The BJP candidate, Shiv Mangal Singh Tomar, won from the Dimani assembly seat by 250-odd votes in 2008, but lost the same seat in 2013 and 2018 by higher margins. Narendra Singh Tomar, former union minister and the Vidhan Sabha speaker now, won the assembly seat in 2023. 

In Gwalior, the BJP has fielded another Tomar loyalist and ex-minister, Bharat Singh Kushwah, who lost the 2023 assembly polls from Gwalior Rural by over 3,000 votes. The BJP and the Congress each won four assembly segments this time in what now makes up the Gwalior Lok Sabha constituency.

The Congress candidate from Bhind, Phool Singh Baraiya, a sitting MLA from the Bhander assembly seat, is the tallest Dalit leader in the region and is again a formidable candidate. The BJP has fielded sitting MP Sandhya Rai again. The BJP has held this seat (reserved for the Scheduled Castes since the 2008 delimitation) since 1989; but this time, Baraiya, who was earlier with the Bahujan Samaj Party (BSP), will be no pushover.

In Guna, the citadel of the Scindias, there is a possibility of sabotage by unhappy BJP cadres themselves, in addition to the angst of the Yadav community, a large and dominant OBC community in the region, over the denial of a ticket to first-time MP Dr K.P. Yadav. These could create a shocker for union minister Jyotiraditya Scindia.

Rao Yadvendra Singh Yadav has been fielded by the Congress here, and is considered a relatively weaker candidate than K.P. Yadav. However, given the circumstances against Scindia, him pulling off an upset can’t be ruled out. The union minister is campaigning hard with his wife Priyadarshini Raje Scindia and their son Mahanaryaman Scindia.

Veerpal Yadav isn’t alone in this claim that rarely had the people seen the ‘royal’ family campaigning on the streets and villages in the past, so confident were they of the ‘loyalty’ of the people.

In Rajgarh, former chief minister Digvijaya Singh, though pushing 77, is still believed to have an edge over sitting BJP MP Rodmal Nagar, a two-term MP. Besides the anti-incumbency factor working against Nagar, Digvijaya Singh’s emotional appeal for a last chance to serve his people is seeing traction.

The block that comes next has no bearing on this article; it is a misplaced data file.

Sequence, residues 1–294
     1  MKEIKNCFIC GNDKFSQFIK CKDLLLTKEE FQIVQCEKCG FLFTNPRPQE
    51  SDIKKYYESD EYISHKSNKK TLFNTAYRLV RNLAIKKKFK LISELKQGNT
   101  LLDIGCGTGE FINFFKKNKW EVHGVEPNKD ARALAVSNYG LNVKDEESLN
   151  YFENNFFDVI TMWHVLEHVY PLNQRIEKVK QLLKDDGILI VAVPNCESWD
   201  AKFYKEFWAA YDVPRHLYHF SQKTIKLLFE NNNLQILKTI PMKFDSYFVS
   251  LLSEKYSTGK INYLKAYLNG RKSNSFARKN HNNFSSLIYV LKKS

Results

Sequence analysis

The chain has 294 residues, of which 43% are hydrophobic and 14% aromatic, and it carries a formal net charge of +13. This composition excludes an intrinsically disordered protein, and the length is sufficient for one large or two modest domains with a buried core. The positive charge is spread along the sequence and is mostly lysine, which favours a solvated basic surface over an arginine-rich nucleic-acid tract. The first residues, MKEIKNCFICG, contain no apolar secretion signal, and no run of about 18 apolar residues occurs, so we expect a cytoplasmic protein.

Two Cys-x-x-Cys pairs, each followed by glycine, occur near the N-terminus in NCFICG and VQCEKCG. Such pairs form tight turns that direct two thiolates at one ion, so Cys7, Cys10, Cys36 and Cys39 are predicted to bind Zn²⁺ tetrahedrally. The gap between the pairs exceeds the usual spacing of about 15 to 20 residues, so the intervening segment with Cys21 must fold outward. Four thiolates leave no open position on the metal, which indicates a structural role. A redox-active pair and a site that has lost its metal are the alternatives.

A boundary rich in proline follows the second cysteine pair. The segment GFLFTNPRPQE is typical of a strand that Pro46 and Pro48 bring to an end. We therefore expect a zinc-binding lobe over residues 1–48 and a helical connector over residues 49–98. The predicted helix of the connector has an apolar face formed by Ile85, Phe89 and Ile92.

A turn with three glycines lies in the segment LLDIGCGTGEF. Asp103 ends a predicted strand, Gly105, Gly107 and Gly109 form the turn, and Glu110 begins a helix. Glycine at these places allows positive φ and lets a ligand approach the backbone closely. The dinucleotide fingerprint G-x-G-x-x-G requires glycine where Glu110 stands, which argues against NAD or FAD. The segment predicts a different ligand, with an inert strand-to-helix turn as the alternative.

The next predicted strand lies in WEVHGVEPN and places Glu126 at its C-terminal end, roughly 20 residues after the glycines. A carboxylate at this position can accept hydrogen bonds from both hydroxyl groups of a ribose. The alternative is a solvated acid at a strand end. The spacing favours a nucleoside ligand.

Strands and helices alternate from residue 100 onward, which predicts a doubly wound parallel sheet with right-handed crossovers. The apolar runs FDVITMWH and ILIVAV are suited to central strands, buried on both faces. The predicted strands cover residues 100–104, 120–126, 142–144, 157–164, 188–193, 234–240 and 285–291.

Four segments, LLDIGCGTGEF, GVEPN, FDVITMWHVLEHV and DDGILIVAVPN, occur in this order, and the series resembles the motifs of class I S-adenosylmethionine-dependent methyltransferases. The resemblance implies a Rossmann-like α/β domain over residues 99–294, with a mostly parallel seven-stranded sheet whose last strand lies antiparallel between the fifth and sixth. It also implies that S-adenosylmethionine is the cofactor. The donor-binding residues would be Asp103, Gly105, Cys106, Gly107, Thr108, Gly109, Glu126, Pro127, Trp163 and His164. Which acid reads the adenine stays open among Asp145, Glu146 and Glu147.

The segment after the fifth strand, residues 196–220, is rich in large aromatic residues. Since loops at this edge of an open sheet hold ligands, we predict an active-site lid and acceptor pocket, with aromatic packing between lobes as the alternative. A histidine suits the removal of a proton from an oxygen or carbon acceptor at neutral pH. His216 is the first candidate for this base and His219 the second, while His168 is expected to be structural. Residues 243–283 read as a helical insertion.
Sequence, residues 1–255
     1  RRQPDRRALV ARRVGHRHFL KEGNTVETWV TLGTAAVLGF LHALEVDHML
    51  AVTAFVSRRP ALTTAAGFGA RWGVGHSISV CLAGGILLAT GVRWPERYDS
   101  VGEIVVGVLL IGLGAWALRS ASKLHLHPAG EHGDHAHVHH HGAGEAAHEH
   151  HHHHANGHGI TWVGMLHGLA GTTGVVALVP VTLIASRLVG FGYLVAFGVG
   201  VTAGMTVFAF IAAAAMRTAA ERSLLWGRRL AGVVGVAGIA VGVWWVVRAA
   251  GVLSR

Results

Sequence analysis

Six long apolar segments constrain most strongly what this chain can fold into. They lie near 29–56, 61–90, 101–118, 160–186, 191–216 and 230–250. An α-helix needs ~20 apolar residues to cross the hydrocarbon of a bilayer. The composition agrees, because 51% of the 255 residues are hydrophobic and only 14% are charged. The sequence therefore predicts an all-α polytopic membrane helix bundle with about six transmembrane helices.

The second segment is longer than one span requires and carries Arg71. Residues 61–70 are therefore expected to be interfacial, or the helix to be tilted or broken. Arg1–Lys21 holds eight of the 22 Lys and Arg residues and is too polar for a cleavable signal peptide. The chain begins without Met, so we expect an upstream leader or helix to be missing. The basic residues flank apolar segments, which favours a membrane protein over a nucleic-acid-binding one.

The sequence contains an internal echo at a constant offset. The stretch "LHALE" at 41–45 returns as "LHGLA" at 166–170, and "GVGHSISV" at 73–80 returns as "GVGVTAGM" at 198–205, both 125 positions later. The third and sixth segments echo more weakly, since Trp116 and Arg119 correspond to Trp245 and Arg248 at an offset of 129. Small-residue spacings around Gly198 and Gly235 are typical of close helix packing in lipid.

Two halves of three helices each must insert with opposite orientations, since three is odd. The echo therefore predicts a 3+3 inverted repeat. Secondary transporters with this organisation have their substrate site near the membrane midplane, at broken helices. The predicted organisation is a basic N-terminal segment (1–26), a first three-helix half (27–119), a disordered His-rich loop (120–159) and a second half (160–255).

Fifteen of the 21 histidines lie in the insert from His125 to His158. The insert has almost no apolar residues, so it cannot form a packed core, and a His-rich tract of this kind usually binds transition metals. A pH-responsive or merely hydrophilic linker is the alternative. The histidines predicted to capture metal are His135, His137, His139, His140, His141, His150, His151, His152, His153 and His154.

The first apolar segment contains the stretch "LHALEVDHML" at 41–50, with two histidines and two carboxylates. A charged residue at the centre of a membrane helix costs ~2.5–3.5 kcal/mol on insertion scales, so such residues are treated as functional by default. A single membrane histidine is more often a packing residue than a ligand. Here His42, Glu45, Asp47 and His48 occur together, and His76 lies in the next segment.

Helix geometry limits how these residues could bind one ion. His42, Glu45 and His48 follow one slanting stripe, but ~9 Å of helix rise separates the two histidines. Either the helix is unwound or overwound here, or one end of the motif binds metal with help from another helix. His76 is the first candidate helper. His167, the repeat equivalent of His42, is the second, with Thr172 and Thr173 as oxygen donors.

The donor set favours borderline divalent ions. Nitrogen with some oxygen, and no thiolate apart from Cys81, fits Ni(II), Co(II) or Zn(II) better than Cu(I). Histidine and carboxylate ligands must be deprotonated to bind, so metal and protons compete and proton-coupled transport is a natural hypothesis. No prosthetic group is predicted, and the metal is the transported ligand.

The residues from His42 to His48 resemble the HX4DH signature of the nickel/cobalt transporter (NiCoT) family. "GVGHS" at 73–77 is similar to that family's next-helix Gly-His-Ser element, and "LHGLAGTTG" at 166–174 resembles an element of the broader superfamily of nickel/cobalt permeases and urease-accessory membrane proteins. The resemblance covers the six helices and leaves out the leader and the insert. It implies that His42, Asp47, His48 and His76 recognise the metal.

On the other hand, union home minister Amit Shah and other BJP leaders’ calls for giving Digvijaya Singh a “permanent farewell” and allusions to his advanced age have not gone down well with the people. The ‘Diggi Raja’ himself is defying his age to actively campaign in the constituency. 

An Adivasi supporter with Congress veteran Digvijaya Singh, seen here campaigning on a bicycle, carrying the placard 'the hand will bring change', in the evening (photo courtesy @AdvSuneelkumar/X)
An Adivasi supporter with Congress veteran Digvijaya Singh, seen here campaigning on a bicycle, carrying the placard 'the hand will bring change', in the evening (photo courtesy @AdvSuneelkumar/X)

The Congress veteran became MP from Rajgarh for the first time in 1984. However, he lost to the BJP’s Pyarelal Khandelwal in 1989, before wresting the seat back from him in 1991 and vacating the seat in 1994, after he was chosen by the Congress as the state’s chief minister. A Rajya Sabha member, he lost the Lok Sabha election from Bhopal in 2019.

Overall, there is little doubt that the BJP is set to win big in Madhya Pradesh. It is also equally certain, though, that it appears unlikely to repeat its feat of sweeping most of the seats. A loss of 6–8 seats looks like a distinct possibility at this stage of the election, and is reflected in the palpable uneasiness within the BJP ranks.